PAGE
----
Tag Archives: Knowledge

What I Know

It’s taken me a long time to write this post. I’ve been feeling for a long time that God wants me to tell people about him. I didn’t want to tell people what they’ve probably already heard a thousand times. This is simply what I know about God.

I know that God answers prayers.

Truthfully, he doesn’t always do this in the way I expect or the way I want. The cliche is true. God works in mysterious ways. Sometimes I have to wait, and sometimes I even forget about what I prayed for, and he answers anyway. I try very hard to be a peacemaker. Because of that, I haven’t got into too many fights. I’ve witnessed some pretty deep resentment among people I love, though. I’ve prayed about it, and the problems have been resolved. God always provides. I have epilepsy, and while my medication prevents me from having full seizures, I still have symptoms. Usually this is because I’m too hungry or I’ve spent too much time on the computer, so most of the time I can get rid of them just by changing my behavior. However, sometimes it’s out of my control. In these situations, I often pray, and the problem often goes away. Sometimes I just need something small. I need to make sure I wake up on time or I do something stupid and get my wheelchair stuck and need someone to rescue me. There are so many examples I simply can’t list them all. When I pray for small things, however, God often answers those prayers almost instantly. I have to mention however, that sometimes God’s answer to a prayer is “No” because it’s the best thing for you. It’s also important to remember that God works in real time. God can make difficult, complicated things happen, but because they are difficult and complicated, they will take time–sometimes years. One example I do want to mention, though is that when I was in middle school, my cousin had Cancer. It was treatable, but it definitely wasn’t easy. One night he told my aunt that he really felt like he was going to die. I desperately wanted him to live, so I prayed hard, and soon after, things changed drastically.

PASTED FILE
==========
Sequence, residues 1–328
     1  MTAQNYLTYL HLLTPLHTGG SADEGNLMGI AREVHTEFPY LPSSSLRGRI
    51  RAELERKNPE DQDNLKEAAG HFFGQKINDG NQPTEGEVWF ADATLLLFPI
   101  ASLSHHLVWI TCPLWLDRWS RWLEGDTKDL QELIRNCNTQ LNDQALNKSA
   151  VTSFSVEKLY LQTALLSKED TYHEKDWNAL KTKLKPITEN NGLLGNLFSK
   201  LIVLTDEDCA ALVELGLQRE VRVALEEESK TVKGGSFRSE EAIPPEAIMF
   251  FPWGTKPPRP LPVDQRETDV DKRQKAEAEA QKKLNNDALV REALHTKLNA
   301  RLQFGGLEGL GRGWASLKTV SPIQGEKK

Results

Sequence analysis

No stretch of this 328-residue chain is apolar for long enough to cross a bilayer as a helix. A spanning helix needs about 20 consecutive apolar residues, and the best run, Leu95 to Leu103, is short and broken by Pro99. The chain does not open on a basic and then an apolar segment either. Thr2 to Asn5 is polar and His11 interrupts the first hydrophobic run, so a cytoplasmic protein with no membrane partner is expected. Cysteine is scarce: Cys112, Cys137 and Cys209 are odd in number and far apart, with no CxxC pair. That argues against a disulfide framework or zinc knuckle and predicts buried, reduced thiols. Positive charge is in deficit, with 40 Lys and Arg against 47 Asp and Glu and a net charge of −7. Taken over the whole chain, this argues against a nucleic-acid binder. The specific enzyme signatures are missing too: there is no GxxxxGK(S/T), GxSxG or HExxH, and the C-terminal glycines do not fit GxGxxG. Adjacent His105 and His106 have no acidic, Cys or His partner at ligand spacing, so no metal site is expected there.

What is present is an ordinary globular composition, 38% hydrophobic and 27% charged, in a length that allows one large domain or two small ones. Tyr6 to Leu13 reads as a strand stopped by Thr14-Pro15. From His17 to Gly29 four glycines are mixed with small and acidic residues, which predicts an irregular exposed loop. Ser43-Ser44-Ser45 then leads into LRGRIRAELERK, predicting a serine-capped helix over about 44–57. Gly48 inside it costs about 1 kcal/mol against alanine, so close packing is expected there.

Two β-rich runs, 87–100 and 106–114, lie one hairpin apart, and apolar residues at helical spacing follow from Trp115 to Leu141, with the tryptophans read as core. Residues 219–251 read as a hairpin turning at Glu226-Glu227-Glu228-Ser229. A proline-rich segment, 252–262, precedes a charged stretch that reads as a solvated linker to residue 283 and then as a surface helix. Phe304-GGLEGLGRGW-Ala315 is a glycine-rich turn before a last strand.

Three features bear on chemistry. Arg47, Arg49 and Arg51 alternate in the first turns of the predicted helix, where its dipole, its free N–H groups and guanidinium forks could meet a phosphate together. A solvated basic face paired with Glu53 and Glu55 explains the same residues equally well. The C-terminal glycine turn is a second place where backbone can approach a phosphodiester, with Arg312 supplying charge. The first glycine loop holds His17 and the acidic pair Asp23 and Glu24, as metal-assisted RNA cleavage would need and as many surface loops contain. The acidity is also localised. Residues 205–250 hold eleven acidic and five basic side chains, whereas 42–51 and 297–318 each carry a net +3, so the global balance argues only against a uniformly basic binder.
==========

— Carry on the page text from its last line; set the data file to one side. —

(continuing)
I know his love is intense.

I was born with Muscular Dystrophy. Because of this, I couldn’t run around and play on the playground with the other kids when I was little, so God gave me a playground in my head. I constantly made up stories and characters and drew pictures and made up better reasons for why snow fell instead of what science told me. This playground in my head is always getting bigger and bigger as I continue to write stories and learn about philosophy and contemplate my place in the world. Eventually, however, I realized that my imaginary playground wasn’t enough. I am asexual. In short, I find sex repulsive. This was very confusing for a lonely high school student who wanted love and didn’t understand it. I thought I needed a boyfriend. At the time I believed in a god, but not necessarily a God one could have a relationship with, so I prayed that I would find love. In retrospect, I realized that a part of me, though not necessarily a conscious part of me, knew that I needed God. I was confirmed as a Catholic in the first few months of my Junior year. Though I had not exactly intended to, I kept going back to church for no real discernible reason. It wasn’t until October of my Freshman year of college that I knew he loved me. I went to a very Christian school and as a requirement, went to chapel services three times a week. It was the first time I had heard contemporary worship music, and that made something click. Still, I was lonely, but one night I prayed and the part of me that needed God somehow became conscious and I said “I love you” basically by accident. As soon as I said it, I felt an overwhelming feeling of love and peace.